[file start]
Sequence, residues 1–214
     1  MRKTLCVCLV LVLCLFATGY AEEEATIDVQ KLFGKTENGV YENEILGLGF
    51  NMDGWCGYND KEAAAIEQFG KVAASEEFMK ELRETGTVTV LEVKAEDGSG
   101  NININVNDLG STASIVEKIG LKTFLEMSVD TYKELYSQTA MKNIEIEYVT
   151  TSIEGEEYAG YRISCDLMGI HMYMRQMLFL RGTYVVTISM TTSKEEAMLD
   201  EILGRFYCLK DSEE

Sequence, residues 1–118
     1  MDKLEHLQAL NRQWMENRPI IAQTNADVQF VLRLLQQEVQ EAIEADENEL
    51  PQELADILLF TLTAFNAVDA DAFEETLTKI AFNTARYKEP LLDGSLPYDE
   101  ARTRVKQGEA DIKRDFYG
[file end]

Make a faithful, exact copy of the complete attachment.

Sequence, residues 1–214
     1  MRKTLCVCLV LVLCLFATGY AEEEATIDVQ KLFGKTENGV YENEILGLGF
    51  NMDGWCGYND KEAAAIEQFG KVAASEEFMK ELRETGTVTV LEVKAEDGSG
   101  NININVNDLG STASIVEKIG LKTFLEMSVD TYKELYSQTA MKNIEIEYVT
   151  TSIEGEEYAG YRISCDLMGI HMYMRQMLFL RGTYVVTISM TTSKEEAMLD
   201  EILGRFYCLK DSEE

Sequence, residues 1–118
     1  MDKLEHLQAL NRQWMENRPI IAQTNADVQF VLRLLQQEVQ EAIEADENEL
    51  PQELADILLF TLTAFNAVDA DAFEETLTKI AFNTARYKEP LLDGSLPYDE
   101  ARTRVKQGEA DIKRDFYG